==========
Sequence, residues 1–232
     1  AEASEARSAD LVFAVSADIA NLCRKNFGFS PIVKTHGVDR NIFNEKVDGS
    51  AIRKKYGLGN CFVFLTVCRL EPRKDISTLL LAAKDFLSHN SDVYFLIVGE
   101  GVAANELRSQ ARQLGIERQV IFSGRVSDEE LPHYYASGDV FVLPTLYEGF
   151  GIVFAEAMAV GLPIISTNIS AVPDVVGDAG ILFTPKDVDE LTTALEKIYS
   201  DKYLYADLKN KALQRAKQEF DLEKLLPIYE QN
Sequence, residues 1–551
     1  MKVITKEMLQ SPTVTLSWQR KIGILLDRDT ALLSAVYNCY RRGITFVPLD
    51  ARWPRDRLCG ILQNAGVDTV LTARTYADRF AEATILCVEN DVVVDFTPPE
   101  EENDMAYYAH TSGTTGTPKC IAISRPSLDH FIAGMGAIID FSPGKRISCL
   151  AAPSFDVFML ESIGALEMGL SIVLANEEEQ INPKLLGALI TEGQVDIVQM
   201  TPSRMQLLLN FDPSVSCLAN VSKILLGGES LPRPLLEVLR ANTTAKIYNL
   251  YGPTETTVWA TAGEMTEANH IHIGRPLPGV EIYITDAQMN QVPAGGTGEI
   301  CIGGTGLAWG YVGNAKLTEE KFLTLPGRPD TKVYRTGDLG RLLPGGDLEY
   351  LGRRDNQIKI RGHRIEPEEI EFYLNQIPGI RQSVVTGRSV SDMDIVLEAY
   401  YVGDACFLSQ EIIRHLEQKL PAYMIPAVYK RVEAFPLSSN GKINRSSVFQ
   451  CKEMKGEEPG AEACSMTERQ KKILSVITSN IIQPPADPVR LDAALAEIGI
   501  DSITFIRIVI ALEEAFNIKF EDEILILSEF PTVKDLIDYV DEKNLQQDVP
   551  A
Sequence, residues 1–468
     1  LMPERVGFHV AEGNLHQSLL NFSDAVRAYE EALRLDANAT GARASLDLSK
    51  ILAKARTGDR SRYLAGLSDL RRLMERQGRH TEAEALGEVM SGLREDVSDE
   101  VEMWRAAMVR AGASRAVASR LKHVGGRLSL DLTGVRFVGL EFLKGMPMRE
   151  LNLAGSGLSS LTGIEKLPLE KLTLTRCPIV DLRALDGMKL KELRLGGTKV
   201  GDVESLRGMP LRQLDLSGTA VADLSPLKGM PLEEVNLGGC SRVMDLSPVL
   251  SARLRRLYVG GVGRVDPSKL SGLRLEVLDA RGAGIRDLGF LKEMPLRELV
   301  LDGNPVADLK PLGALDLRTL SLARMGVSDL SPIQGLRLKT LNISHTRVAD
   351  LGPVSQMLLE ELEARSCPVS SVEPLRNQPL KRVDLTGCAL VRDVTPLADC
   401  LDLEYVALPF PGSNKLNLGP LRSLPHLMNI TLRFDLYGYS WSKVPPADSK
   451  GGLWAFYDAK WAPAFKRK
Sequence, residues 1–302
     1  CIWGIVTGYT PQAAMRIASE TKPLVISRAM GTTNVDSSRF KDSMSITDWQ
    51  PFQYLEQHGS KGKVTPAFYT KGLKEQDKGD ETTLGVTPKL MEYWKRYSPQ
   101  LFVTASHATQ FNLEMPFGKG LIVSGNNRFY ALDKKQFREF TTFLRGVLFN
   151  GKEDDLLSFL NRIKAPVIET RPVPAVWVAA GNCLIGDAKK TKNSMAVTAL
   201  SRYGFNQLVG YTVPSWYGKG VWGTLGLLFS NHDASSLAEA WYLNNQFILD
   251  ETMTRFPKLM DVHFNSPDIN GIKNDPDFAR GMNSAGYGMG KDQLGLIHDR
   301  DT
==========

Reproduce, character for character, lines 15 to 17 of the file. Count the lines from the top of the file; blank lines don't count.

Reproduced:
   351  LGRRDNQIKI RGHRIEPEEI EFYLNQIPGI RQSVVTGRSV SDMDIVLEAY
   401  YVGDACFLSQ EIIRHLEQKL PAYMIPAVYK RVEAFPLSSN GKINRSSVFQ
   451  CKEMKGEEPG AEACSMTERQ KKILSVITSN IIQPPADPVR LDAALAEIGI